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Deafheaven - 10 Years Gone (Album Review)

Wednesday, 09 December 2020 Written by Matt Mills

Photo: Bobby Cochran

June 1, 2020 marked a decade of Deafheaven. It was on that date 10 years ago that the experimental black metal darlings made their first dent, emerging with their shimmering, untitled demo. Little did anybody know that their grassroots debut was the dawn for one of the 21st century’s most important metal bands.

Just three years later, the vibrant ‘Sunbather’ brought them such acclaim that they exploded into the mainstream. While predecessors like Wolves in the Throne Room tamed black metal with post-rock segues, this was instead a post-rock album with the distortion and screaming cranked up. And thus, the wider world was forced to acknowledge not only extreme metal’s existence, but also that it can be a truly intellectual, progressive force.

Deafheaven’s new live recording ‘10 Years Gone’ celebrates a career of such transcendence. Its existence compensates for the cancellation of Deafheaven’s 10th anniversary tour, capturing the quintet as they play their would-be setlist with longtime collaborator Jack Shirley at his Atomic Garden studio.

If hiring the man who’s produced every Deafheaven album doesn’t demonstrate the earnestness of this decade-spanning recap, then the selected songs certainly do. Alongside proven favourites like Dream House and The Pecan Tree are deep cuts in Daedalus (the first song the troupe ever wrote) and Vertigo.

Despite these left-field inclusions and the fact that all four of the band’s full-lengths are represented, there’s remarkable fluidity to ‘10 Years Gone’. The chosen tracks all have the ability to connect seamlessly, united in their desire to explore the complete spectrum between soothing shoegaze and screeching, blastbeat-laden extremity. As a result, the album is an alluring dreamscape, enveloping and hypnotising with echoing chords and distant shrieks.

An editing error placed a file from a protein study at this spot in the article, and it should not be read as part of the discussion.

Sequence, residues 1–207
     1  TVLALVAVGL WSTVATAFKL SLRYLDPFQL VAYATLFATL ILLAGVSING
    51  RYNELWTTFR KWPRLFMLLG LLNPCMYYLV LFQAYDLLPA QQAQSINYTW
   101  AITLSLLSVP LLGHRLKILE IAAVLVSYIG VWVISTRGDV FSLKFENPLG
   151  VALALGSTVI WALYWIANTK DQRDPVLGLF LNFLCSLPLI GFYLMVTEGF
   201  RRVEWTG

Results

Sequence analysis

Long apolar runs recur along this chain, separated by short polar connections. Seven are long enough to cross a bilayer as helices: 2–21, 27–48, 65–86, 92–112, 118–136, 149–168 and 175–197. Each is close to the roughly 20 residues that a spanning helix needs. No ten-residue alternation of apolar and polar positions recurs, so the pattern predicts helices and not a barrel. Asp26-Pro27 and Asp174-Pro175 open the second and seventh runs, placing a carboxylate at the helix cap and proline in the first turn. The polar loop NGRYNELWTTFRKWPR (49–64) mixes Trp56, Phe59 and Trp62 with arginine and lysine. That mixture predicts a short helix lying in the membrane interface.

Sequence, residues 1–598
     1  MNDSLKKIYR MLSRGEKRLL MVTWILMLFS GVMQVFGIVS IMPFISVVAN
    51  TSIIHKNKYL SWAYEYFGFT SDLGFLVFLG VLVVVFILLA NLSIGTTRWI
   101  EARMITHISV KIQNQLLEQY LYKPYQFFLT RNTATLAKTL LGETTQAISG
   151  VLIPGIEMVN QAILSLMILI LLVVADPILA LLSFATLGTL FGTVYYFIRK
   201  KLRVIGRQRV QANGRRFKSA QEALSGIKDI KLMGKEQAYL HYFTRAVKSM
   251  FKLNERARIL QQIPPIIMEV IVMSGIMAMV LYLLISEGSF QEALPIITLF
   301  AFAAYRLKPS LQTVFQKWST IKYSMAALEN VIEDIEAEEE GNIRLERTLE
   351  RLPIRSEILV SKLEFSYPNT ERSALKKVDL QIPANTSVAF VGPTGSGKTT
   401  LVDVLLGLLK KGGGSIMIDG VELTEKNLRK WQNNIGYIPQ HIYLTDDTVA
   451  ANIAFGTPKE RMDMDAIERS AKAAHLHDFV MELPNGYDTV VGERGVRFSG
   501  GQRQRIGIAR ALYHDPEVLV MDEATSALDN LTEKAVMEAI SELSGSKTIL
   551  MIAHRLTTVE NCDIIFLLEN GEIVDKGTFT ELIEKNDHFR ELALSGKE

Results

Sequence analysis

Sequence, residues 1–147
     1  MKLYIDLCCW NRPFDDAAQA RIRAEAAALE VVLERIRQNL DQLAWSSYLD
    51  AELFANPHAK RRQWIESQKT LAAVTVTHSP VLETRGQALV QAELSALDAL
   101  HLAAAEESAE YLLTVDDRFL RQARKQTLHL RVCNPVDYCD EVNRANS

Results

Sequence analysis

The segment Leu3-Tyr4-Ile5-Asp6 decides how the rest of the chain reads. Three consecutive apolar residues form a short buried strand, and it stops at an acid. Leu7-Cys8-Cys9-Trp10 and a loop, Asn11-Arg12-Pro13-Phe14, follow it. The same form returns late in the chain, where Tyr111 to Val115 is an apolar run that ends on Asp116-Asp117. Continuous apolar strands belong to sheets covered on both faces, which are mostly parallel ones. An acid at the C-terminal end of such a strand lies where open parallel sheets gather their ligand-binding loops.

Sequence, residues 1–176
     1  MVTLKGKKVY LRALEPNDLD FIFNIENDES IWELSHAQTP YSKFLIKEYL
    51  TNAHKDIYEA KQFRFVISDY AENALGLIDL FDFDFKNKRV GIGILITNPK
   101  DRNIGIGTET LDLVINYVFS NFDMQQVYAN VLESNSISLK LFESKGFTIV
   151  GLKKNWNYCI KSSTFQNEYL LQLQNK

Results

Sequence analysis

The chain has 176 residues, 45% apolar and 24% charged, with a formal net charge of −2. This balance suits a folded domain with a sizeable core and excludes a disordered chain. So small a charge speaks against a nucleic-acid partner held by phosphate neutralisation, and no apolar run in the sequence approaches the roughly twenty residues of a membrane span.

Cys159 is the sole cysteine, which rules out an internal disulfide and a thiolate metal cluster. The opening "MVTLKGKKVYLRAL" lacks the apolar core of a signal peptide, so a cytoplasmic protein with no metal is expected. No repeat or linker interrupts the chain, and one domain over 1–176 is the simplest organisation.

Every riff, every verse, is stretched to its full potential, and they evolve so gradually that the stylistic shifts between harsh and quiet never feel jarring. Even the standout moments (like Baby Blue’s Kirk Hammett-like guitar solo and the breakdowns in Language Games) come off as organic and well-integrated as opposed to reeking of a musician shoehorning in avant-garde touches for their own sake.

‘10 Years Gone’ is the kind of journey you can feel yourself getting lost in, as you’re immersed in Deafheaven’s worldbuilding. By bringing together gems from the entirety of their tenure, it demonstrates the maestros’ appeal is the same now as it was a decade ago: using a rock solid backbone to find beauty even in the most dissonant of styles.



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